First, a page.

North America


Main Contacts for Initiative

Bruno Basso and Jerry Hatfield


Brief Description of the Activity

Through advances in AgMIP platform and community we aim to address the impact of changes in land use, climate, soil and management, on the resiliency, adaptation and mitigation potential of North America agricultural systems across multiple spatial and temporal scales.


Overview of Participants

  • About 20, including one from Mexico and two from Canada
  • Climate, crop modelers, experimentalists


Noteworthy findings

Emphasis on:
  • Soil dynamics (Adaptation/Mitigation), Rotations
  • Major crops and F&V (nutrition)
  • Extreme events (drought/floods) – link irrigation
  • Yield forecast
  • Pest/Diseases/Ozone
  • Link with socio-economic modeling
  • Link to Canada and Mexico
  • Stakeholder: Extension, Farmer, State and Federal policy maker (USDA), LTAR, AgriFood Canada


Next Steps:

  • Continue discussion and pursue funding
  • Launch AgMIP North America Consortium as partnership between Academic, USDA and other public & private partners
  • Apply for NIFA Workshop


Photo by Alex C. Ruane




Elliott, J., M. Glotter, N. Best, K. Boote, J. Jones, J. Hatfield, C. Rosenzweig, L. A. Smith, and I. Foster, Predicting Agricultural Impacts of Large-Scale Drought: 2012 and the Case for Better Modeling (February 21, 2013). RDCEP Working Paper No. 13-01. Available at SSRN: or

 Prior Updates: Research Summary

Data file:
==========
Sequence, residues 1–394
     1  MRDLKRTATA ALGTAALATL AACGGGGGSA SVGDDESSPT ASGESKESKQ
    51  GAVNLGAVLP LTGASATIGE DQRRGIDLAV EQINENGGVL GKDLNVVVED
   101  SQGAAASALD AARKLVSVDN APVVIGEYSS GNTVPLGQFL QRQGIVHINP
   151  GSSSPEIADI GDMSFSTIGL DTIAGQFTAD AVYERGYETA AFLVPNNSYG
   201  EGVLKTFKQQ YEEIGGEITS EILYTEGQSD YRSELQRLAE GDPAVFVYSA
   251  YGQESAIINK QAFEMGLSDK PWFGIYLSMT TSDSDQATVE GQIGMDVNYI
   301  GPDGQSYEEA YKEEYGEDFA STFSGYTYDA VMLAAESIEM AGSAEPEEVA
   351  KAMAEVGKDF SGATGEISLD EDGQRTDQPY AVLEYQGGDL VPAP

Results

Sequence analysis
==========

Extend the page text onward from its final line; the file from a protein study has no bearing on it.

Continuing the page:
CO-LEADERS: Ken Boote (U Florida), Jerry Hatfield (USDA-ARS), and Laj Ahuja (USDA-ARS)


  • Intercompare, evaluate, and improve crop models for more accurate predictions.
  • Assess soil composition, water balance & evaporation; crop transpiration, evapotranspiration, dry matter accumulation.
  • Compare systems from fully irrigated to rainfall dependent with  variable or extreme weather events.


CO-LEADERS:  David Fleisher (USDA-ARS), Roberto Quiroz (International Potato Center, Peru)


  • Quantify variation or uncertainty among potato crop models                  and assess predicted climate change responses at multiple                 production locations.
  • Evaluate model calibration and sensitivity and identify areas                      for model improvement.
  • Use multi-model assessment methodology to quantify                     variation among models and evaluate responses to climate change.


CO-LEADERS: Jerry Hatfield (USDA-ARS), Ken Boote (U Florida)


  • Establish baseline climate data time-series sources and gap-filling methods to link with crop models for North America.
  • Evaluate sensitivity of models to changes in CO2, temperature, and water for current and future scenarios.



CO-LEADERS:  Cheryl Porter (U Florida), Jeff White (USDA-ARS),                 and Medha Devare (CGIAR)


  • Establish and regularly convene an international team of            agricultural production modelers and data and IT experts                  regarding linked data and model requirements.
  • Make data findable, accessible, interoperable and                                      re-useable for modeling activities.
  • Foster the consistent use of accepted standards and                    approaches for annotating and archiving data, including                   metadata, ontologies, and data dictionaries.